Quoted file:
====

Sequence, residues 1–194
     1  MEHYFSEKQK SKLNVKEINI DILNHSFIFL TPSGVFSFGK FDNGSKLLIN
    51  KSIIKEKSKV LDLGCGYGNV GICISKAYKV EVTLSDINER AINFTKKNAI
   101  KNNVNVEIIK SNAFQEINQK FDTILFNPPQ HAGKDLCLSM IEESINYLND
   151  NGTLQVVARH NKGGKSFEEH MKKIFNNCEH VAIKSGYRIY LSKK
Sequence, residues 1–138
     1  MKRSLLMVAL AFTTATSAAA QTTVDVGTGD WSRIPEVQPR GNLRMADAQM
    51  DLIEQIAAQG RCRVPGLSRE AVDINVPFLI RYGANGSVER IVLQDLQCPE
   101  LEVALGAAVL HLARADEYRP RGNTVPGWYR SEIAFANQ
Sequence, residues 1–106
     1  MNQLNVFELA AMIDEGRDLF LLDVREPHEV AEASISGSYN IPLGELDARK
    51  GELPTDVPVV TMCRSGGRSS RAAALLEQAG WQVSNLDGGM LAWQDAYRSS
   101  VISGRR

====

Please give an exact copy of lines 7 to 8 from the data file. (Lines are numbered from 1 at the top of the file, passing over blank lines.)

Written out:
     1  MKRSLLMVAL AFTTATSAAA QTTVDVGTGD WSRIPEVQPR GNLRMADAQM
    51  DLIEQIAAQG RCRVPGLSRE AVDINVPFLI RYGANGSVER IVLQDLQCPE